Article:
What is Residual Risk?

Residual risk is the risk that remains after security measures and controls have been put into place. You can also think of residual risk as the inherent risk. When you first identify a risk, and work to mitigate the risks you find unacceptable, you will be able to eliminate most of them, but not all of them. This is simply because it is not possible to eliminate all risks. The risks that remain are known as the residual risks.

Why is identifying residual risks important?

Identifying, monitoring and understanding residual risks is essential for your business as it ensures you are able to confidently and correctly identify how these potential security threats can negatively impact your business. Without fully understanding the entire picture of how your organization is protected, and what risks threaten your organization, you will not be able to make informed security decisions.

Monitoring residual risk is not only integral for the health of your organization, but is also a necessity for ISO 27001 regulations.  It is these regulations that help organizations measure how safe and secure their information assets are before, during and after sharing them with vendors and third parties.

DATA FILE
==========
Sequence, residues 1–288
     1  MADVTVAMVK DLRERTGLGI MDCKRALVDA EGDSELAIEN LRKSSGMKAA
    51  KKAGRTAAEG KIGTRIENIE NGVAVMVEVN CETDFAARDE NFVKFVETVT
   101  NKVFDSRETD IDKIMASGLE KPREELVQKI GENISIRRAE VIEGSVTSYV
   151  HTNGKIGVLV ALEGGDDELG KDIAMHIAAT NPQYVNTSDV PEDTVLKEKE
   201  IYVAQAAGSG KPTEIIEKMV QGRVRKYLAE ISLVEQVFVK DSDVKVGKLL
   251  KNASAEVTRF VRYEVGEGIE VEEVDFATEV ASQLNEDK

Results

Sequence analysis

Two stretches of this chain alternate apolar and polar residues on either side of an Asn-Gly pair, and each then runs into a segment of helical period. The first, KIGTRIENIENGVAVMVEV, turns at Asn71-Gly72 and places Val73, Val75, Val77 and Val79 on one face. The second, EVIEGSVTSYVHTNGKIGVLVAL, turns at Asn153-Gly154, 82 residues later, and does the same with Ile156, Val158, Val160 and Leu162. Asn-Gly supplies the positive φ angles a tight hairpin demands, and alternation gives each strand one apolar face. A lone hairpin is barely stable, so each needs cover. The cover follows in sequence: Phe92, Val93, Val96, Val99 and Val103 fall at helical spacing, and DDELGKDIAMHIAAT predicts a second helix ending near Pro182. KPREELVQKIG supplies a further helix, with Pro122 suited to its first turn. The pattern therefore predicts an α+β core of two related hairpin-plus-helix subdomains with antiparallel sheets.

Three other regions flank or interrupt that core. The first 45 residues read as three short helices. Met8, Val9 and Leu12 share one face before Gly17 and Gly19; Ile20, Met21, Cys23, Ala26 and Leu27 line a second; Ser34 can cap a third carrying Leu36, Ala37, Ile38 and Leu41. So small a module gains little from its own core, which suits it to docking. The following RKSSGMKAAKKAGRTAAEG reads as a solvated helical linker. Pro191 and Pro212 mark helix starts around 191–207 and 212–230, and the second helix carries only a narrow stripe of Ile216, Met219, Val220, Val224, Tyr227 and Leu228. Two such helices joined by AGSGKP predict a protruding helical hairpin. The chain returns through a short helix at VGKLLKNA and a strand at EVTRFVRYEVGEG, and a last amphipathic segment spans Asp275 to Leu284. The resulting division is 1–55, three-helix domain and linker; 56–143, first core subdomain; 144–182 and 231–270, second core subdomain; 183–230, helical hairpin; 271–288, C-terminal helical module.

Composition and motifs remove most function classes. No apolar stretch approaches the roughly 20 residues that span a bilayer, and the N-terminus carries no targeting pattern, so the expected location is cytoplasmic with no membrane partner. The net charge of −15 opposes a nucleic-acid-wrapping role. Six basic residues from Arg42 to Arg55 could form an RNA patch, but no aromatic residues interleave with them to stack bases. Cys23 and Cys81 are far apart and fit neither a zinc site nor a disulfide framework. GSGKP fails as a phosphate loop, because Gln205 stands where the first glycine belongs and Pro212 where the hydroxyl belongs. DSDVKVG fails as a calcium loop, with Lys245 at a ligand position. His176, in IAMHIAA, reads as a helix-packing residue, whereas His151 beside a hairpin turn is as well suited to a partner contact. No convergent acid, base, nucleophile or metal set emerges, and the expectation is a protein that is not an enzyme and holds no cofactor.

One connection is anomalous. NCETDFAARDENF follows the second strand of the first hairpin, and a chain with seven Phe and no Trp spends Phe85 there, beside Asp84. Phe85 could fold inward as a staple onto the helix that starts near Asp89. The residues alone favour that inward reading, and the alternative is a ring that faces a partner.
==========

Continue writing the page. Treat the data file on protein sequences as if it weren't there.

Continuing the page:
How is Residual Risk related to Acceptable Level of Risk?

The purpose of residual risks is to find out whether the planned treatment is sufficient. The question is: how do you know what is sufficient? This is where the concept of acceptable level of risks comes into play – it is nothing else but deciding how much ‘risk appetite’ an organization has, or in other words whether the management thinks it is fine for a company to operate in a high-risk environment where it is much more likely that something will happen, or the management wants a higher level of security involving a lower level of risk.

Both approaches are allowed in ISO 27001 – each organization has to decide what is appropriate for its circumstances (and for its budget). The former approach is probably better for high-growth startup companies, while the latter is usually pursued by financial organizations.

Residual Risk Management

When it comes to identifying and measuring residual risk, there are three main paths to choose for managing them:

  1. If the level of risks is below the acceptable level of risk, then you should not take action – the management needs to formally accept those risks and monitor them to ensure they do not become more serious. 
  2. If the level of risks is above the acceptable level of risk, then your organization needs to identify new ways to mitigate these risks and reassess the residual risks after mitigation.
  3. If the level of risks is above the acceptable level of risk, but the costs of decreasing the risks is higher than the impact of the risks, then you may consider these risks acceptable. It is advised to methodically monitor these risks to ensure they do not become unacceptable and pose bigger threats. 

When deciding what to do with residual risk, your organization should have a systematic approach. Digging deep into risks will allow for better practice within your organization, save you time and money, and will help you better determine next steps.


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